Two community partners recently awarded The Learning Center for the Deaf more than $50,000 in grant funding to support of its strategic plan to advance racial equity, diversity and inclusion.
The MetroWest Health Foundation awarded The Learning Center for the Deaf (TLC) $30,000, while the Sudbury Foundation recently announced more than $22,000 in funding, also in support of TLC's strategic plan.
This past summer, TLC announced its dynamic and working plan, which includes short- and long-term goals. Now, the organization is working toward implementation of the components of the plan.
The grants will help to support consulting services, assessment, and professional development, as well as communication access for meetings, focus groups, surveys, and professional development.
Inclusivity is one of five stated core values of TLC, and the organization is proud of its strides as an employer of choice for individuals who are deaf and hard of hearing (nearly half of its employees self-identify as deaf or hard of hearing). TLC is an LGBTQ-affirming employer, with an active Rainbow Staff group and student Gay-Straight Alliance groups at the middle and high school level, in addition to having Deaf and hard of hearing and LGBTQ leaders at all levels of the organization.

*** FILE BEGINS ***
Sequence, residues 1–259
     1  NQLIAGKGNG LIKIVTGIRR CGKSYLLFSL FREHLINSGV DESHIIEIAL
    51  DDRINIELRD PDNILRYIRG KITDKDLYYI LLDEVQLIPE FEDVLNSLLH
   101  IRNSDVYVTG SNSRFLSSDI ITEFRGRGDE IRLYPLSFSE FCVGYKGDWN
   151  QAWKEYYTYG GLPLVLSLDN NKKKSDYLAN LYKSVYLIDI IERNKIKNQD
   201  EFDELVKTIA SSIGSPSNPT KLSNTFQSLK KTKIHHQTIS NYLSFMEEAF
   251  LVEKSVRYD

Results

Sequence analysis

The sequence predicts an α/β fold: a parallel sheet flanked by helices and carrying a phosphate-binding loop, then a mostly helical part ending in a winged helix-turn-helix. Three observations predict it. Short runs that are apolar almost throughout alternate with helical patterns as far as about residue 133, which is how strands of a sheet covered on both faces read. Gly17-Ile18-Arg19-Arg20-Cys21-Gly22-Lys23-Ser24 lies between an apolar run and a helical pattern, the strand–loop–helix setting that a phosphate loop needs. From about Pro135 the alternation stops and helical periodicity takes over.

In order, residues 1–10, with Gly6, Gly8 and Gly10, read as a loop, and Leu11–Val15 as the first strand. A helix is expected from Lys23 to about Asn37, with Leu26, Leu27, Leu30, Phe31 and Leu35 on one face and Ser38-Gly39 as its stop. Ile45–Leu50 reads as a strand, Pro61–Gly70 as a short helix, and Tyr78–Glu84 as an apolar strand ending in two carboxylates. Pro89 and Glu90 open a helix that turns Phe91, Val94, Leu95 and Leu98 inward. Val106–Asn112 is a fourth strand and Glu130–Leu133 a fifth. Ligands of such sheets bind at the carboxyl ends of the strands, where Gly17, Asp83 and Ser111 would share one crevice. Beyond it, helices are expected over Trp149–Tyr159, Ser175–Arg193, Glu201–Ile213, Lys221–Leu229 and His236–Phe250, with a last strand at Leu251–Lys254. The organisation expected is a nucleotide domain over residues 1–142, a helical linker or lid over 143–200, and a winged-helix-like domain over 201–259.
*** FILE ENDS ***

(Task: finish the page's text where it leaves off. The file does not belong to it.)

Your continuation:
With funding from the MetroWest Health Foundation and Sudbury Foundation, TLC will substantially accelerate its racial and health equity work by fulfilling the following main components of the strategic plan:
1) Professional development and training for staff in a culturally-responsive practice that includes mentoring and coaching;
2) Consultants to partner with the Chief Equity and Inclusion Officer (CEIO) to conduct gap analysis on all programs; develop guidelines and data reporting to identify inequities and keep track of talent data processes.
This second component will result in key recommendations, and ultimately, changes to policies and practices at TLC that perpetuate racism and inequities in accessing healthcare.
TLC’s organization-wide professional development on anti-racism, which includes culturally responsive and trauma-informed education, treatment, and care, will engage nurses, educators and administrations in recognizing their cultural biases and how it affects their roles in delivering care. The strategic plan aims to reduce racial and cultural disparities in service provision, and improve health equity across programs.